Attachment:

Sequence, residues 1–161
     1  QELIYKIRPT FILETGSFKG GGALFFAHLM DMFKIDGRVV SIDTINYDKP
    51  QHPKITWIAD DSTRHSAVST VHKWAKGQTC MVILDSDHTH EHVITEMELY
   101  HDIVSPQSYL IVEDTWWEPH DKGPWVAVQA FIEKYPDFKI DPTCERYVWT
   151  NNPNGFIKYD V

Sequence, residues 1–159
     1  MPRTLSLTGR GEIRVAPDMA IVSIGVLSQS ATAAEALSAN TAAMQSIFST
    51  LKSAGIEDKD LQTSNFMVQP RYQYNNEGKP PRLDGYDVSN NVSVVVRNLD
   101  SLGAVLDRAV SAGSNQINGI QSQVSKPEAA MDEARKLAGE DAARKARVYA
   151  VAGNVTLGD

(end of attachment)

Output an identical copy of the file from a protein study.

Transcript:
Sequence, residues 1–161
     1  QELIYKIRPT FILETGSFKG GGALFFAHLM DMFKIDGRVV SIDTINYDKP
    51  QHPKITWIAD DSTRHSAVST VHKWAKGQTC MVILDSDHTH EHVITEMELY
   101  HDIVSPQSYL IVEDTWWEPH DKGPWVAVQA FIEKYPDFKI DPTCERYVWT
   151  NNPNGFIKYD V

Sequence, residues 1–159
     1  MPRTLSLTGR GEIRVAPDMA IVSIGVLSQS ATAAEALSAN TAAMQSIFST
    51  LKSAGIEDKD LQTSNFMVQP RYQYNNEGKP PRLDGYDVSN NVSVVVRNLD
   101  SLGAVLDRAV SAGSNQINGI QSQVSKPEAA MDEARKLAGE DAARKARVYA
   151  VAGNVTLGD